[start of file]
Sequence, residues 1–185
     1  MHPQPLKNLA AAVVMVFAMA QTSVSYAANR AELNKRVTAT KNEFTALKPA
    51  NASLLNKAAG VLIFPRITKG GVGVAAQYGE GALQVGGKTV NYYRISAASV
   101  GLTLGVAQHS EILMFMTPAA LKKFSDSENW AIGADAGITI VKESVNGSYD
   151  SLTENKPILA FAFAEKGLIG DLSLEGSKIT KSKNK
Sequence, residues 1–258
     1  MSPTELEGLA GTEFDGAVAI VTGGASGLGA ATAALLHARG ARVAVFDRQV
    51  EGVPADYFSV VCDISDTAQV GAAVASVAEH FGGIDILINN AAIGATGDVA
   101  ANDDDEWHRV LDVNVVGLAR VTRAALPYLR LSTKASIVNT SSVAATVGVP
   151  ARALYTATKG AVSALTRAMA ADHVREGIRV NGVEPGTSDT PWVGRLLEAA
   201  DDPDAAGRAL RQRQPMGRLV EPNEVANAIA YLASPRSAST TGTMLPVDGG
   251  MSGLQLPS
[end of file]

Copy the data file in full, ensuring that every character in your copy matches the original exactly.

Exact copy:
Sequence, residues 1–185
     1  MHPQPLKNLA AAVVMVFAMA QTSVSYAANR AELNKRVTAT KNEFTALKPA
    51  NASLLNKAAG VLIFPRITKG GVGVAAQYGE GALQVGGKTV NYYRISAASV
   101  GLTLGVAQHS EILMFMTPAA LKKFSDSENW AIGADAGITI VKESVNGSYD
   151  SLTENKPILA FAFAEKGLIG DLSLEGSKIT KSKNK
Sequence, residues 1–258
     1  MSPTELEGLA GTEFDGAVAI VTGGASGLGA ATAALLHARG ARVAVFDRQV
    51  EGVPADYFSV VCDISDTAQV GAAVASVAEH FGGIDILINN AAIGATGDVA
   101  ANDDDEWHRV LDVNVVGLAR VTRAALPYLR LSTKASIVNT SSVAATVGVP
   151  ARALYTATKG AVSALTRAMA ADHVREGIRV NGVEPGTSDT PWVGRLLEAA
   201  DDPDAAGRAL RQRQPMGRLV EPNEVANAIA YLASPRSAST TGTMLPVDGG
   251  MSGLQLPS